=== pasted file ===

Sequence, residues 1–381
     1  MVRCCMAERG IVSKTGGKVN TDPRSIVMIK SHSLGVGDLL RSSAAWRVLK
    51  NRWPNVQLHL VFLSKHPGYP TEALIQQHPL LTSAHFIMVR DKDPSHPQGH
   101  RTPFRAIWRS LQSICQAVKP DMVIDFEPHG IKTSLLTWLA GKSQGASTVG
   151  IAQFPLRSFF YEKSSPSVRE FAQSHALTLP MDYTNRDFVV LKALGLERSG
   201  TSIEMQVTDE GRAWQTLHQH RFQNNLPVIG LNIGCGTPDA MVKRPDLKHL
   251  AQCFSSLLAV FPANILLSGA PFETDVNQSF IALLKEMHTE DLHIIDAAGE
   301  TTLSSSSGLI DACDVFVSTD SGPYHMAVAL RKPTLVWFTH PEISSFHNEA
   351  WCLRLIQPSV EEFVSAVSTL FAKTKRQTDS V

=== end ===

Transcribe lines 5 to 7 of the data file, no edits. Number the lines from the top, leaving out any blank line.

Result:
   151  IAQFPLRSFF YEKSSPSVRE FAQSHALTLP MDYTNRDFVV LKALGLERSG
   201  TSIEMQVTDE GRAWQTLHQH RFQNNLPVIG LNIGCGTPDA MVKRPDLKHL
   251  AQCFSSLLAV FPANILLSGA PFETDVNQSF IALLKEMHTE DLHIIDAAGE